How taking music electives can benefit students

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How taking music electives can benefit students

David Parker Gives Advice for Deborah Laurie's Sophmore Platform Songs in the Fine Art Building, BJU, Greenville, SC, March 28, 2019. (Joanna King)

At the start and close of every semester, students can audition for University choirs or private music lessons, but some non-music majors may wonder why they should seek such musical instruction.

Music majors and non-music majors pointed out some of the benefits of lessons that may answer these questions.

Weston Crowe, a junior music major, takes private percussion lessons from Rob Schoolfield, professor of music. Crowe said having a private music instructor gives him a constructively critical perspective on his playing.

“It really helps you improve because it’s another person watching your performance and your practicing,” Crowe said. “They point out mistakes, and they give you things to work on.”

Tiara Horne, a sophomore early childhood education major, took private piano lessons from Donna Crawford her freshman year and is currently in Lyric Choir, conducted by Dr. Eliezer Yanson.  Horne said that the purpose of taking private music lessons or joining a choir is not to get a good grade at the end of the semester but to see personal growth and improvement and to feel a sense of accomplishment.

Horne said she enjoys the camaraderie among her fellow choir members as they learn and grow together throughout each semester.  Horne chose private instruction in classical piano music rather than the hymns she was more familiar with to challenge herself and improve her classical music playing.

Private music lessons provide students with opportunities to work through challenging music with someone who understands it and can provide practical help.  Crowe said he likes being able to bring difficult sections from the music he plays in band, orchestra and percussion ensemble to his private lessons, where his teacher can work through the music with him and give him practice tips.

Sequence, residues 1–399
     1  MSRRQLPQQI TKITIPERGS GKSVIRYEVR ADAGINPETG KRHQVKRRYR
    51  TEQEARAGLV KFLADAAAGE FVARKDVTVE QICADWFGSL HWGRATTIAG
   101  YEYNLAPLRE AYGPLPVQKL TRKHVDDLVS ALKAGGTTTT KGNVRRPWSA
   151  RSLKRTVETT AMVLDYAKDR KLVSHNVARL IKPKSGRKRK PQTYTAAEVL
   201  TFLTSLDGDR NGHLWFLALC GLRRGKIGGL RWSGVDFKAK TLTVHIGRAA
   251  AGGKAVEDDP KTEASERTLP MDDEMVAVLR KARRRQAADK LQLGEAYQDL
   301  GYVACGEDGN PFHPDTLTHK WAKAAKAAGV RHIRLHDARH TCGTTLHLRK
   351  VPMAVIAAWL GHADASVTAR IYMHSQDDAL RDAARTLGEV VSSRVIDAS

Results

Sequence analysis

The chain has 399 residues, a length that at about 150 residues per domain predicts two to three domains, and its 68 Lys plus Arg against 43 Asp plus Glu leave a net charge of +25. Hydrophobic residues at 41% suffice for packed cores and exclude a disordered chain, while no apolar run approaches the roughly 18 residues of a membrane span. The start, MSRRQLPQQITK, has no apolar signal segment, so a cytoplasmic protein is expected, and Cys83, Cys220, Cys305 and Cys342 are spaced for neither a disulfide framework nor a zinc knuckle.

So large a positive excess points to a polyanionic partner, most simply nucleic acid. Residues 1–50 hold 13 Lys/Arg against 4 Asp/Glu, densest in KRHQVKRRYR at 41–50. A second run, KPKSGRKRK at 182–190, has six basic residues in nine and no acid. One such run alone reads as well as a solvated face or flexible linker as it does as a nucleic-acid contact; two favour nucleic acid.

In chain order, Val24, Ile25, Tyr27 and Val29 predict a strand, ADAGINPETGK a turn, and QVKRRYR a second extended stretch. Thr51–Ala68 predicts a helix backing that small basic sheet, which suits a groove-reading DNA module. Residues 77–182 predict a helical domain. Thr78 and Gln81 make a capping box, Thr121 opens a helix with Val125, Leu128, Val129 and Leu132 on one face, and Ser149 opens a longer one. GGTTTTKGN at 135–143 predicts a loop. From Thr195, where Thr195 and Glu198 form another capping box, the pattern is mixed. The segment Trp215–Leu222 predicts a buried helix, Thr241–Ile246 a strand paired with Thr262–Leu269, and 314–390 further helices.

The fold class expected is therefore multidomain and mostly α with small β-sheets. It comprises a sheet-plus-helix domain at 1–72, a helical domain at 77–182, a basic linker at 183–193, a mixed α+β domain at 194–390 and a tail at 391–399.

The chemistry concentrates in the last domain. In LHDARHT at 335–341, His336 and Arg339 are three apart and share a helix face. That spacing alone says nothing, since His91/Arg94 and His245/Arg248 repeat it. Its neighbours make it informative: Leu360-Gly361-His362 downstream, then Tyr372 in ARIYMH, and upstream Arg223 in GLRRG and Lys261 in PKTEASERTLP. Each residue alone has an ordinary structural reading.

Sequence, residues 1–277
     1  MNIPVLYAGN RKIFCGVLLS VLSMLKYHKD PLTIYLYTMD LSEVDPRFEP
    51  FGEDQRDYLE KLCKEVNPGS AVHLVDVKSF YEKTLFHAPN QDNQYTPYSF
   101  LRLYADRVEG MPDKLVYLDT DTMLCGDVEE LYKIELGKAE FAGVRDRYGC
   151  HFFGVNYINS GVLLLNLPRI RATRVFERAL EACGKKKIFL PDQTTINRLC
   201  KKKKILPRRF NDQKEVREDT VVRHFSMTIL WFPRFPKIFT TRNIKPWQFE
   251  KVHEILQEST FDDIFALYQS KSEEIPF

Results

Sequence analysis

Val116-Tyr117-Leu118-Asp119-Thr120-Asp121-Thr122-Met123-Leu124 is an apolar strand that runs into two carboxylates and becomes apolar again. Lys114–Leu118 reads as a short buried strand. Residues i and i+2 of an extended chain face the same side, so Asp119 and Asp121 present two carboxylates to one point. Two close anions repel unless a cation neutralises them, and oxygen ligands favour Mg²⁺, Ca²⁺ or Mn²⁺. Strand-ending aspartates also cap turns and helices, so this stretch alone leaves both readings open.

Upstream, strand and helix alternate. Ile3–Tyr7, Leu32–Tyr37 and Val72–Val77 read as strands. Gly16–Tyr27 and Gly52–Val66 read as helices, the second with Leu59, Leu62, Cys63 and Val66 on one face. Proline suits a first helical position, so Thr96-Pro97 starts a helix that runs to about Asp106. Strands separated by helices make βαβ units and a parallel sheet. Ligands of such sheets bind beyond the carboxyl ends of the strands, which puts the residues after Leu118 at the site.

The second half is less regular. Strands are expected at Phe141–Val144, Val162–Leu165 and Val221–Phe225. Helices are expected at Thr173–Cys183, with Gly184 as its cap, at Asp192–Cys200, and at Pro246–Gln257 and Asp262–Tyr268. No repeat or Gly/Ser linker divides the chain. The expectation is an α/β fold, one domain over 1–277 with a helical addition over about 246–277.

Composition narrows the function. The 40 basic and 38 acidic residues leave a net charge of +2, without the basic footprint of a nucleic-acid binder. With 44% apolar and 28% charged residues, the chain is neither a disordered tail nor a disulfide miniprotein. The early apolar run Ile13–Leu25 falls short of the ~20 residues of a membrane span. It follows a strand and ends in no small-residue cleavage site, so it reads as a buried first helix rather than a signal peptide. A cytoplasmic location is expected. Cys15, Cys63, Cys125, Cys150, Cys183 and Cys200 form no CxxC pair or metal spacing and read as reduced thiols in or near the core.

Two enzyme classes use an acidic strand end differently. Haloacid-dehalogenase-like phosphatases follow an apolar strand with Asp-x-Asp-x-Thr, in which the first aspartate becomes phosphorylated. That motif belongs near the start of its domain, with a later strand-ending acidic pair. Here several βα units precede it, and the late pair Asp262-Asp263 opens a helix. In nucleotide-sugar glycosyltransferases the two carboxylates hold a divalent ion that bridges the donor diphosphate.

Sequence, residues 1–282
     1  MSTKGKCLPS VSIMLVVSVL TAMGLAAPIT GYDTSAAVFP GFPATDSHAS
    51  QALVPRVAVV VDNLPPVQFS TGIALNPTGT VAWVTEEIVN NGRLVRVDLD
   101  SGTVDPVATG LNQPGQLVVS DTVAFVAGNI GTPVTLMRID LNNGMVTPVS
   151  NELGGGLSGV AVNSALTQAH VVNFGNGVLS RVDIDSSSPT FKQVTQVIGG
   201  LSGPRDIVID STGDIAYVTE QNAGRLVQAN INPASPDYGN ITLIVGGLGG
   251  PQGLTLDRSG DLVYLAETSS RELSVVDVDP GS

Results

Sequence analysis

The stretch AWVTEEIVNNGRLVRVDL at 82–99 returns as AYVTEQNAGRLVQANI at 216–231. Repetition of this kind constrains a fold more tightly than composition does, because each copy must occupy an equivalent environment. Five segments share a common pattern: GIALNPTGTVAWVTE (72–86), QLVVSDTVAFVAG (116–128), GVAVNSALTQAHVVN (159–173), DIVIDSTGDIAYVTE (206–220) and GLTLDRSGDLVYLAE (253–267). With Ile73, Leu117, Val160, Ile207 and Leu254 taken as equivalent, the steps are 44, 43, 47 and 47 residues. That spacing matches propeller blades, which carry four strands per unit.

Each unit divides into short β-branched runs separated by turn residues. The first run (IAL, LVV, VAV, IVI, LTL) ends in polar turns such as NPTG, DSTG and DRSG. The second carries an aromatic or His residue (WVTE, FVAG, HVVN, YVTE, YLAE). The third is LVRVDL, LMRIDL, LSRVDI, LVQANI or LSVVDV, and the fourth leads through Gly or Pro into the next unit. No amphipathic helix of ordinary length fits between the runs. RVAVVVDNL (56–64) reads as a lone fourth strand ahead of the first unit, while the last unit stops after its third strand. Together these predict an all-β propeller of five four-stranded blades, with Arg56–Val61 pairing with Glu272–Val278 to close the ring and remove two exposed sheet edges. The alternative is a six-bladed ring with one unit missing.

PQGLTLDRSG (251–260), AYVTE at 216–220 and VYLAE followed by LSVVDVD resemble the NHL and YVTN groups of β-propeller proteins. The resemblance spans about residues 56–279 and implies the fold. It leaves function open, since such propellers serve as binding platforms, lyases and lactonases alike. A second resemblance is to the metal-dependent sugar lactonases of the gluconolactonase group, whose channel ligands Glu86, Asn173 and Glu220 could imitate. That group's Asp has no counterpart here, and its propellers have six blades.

While music majors are required to take private lessons, Crowe said lessons could benefit non-music majors as well, especially those who play in bands and orchestras with music majors.  Crowe said that when all band members are receiving private instruction, they are more likely to play on the same level.

This lends to unity and cohesiveness during practices and performances, especially if students have the same instructor.  At the end of every semester, each student performs before a panel of judges who analyze the student’s progress through the semester. Crowe said Schoolfield helps him pick out and adequately prepare pieces to play for the judges.

When she took piano lessons, Horne said she played for two music professors at the end of the semester who determined her final grade and noted her progress over the semester.

In Lyric Choir, Horne said members simply receive a pass or fail grade, solely dependent upon their attendance record.  Since percussion involves multiple instruments, Crowe said he focuses on different instruments each semester.

Last semester, he took lessons on snare drum and marimba, while this semester he is taking lessons on marimba and timpani.  Schoolfield gives Crowe exercises to practice during the week in addition to the pieces he plays for the various music groups of which he is a member.

“All the faculty here are just phenomenal, and they can help you progress so far,” Crowe said. Crowe said the monetary cost for taking private lessons is nominal compared to the time invested in students and the good it does for them.

Auditions are held in various professors’ offices in the Gustafson Fine Arts Center. Signs are posted on billboards around the building to indicate where and when auditions take place.